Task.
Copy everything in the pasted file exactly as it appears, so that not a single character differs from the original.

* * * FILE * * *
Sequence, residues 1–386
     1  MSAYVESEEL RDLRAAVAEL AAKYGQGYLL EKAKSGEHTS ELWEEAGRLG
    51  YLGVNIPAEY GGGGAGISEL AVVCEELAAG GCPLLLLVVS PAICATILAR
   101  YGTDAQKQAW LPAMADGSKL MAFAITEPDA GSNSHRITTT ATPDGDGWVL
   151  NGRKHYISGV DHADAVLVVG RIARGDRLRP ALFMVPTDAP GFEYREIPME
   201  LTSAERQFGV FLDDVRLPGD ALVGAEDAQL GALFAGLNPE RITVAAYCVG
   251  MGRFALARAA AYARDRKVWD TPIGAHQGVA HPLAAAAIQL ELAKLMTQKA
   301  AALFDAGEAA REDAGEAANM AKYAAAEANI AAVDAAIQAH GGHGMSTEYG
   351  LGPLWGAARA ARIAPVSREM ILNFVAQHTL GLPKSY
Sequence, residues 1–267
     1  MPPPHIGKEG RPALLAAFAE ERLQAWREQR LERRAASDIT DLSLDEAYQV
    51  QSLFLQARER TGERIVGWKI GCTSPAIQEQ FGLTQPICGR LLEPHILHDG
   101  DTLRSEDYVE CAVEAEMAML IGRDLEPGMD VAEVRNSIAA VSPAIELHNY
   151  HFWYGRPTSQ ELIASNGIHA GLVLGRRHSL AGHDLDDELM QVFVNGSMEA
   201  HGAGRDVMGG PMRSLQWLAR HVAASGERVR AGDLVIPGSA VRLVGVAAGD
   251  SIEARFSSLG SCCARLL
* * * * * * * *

Sequence, residues 1–386
     1  MSAYVESEEL RDLRAAVAEL AAKYGQGYLL EKAKSGEHTS ELWEEAGRLG
    51  YLGVNIPAEY GGGGAGISEL AVVCEELAAG GCPLLLLVVS PAICATILAR
   101  YGTDAQKQAW LPAMADGSKL MAFAITEPDA GSNSHRITTT ATPDGDGWVL
   151  NGRKHYISGV DHADAVLVVG RIARGDRLRP ALFMVPTDAP GFEYREIPME
   201  LTSAERQFGV FLDDVRLPGD ALVGAEDAQL GALFAGLNPE RITVAAYCVG
   251  MGRFALARAA AYARDRKVWD TPIGAHQGVA HPLAAAAIQL ELAKLMTQKA
   301  AALFDAGEAA REDAGEAANM AKYAAAEANI AAVDAAIQAH GGHGMSTEYG
   351  LGPLWGAARA ARIAPVSREM ILNFVAQHTL GLPKSY
Sequence, residues 1–267
     1  MPPPHIGKEG RPALLAAFAE ERLQAWREQR LERRAASDIT DLSLDEAYQV
    51  QSLFLQARER TGERIVGWKI GCTSPAIQEQ FGLTQPICGR LLEPHILHDG
   101  DTLRSEDYVE CAVEAEMAML IGRDLEPGMD VAEVRNSIAA VSPAIELHNY
   151  HFWYGRPTSQ ELIASNGIHA GLVLGRRHSL AGHDLDDELM QVFVNGSMEA
   201  HGAGRDVMGG PMRSLQWLAR HVAASGERVR AGDLVIPGSA VRLVGVAAGD
   251  SIEARFSSLG SCCARLL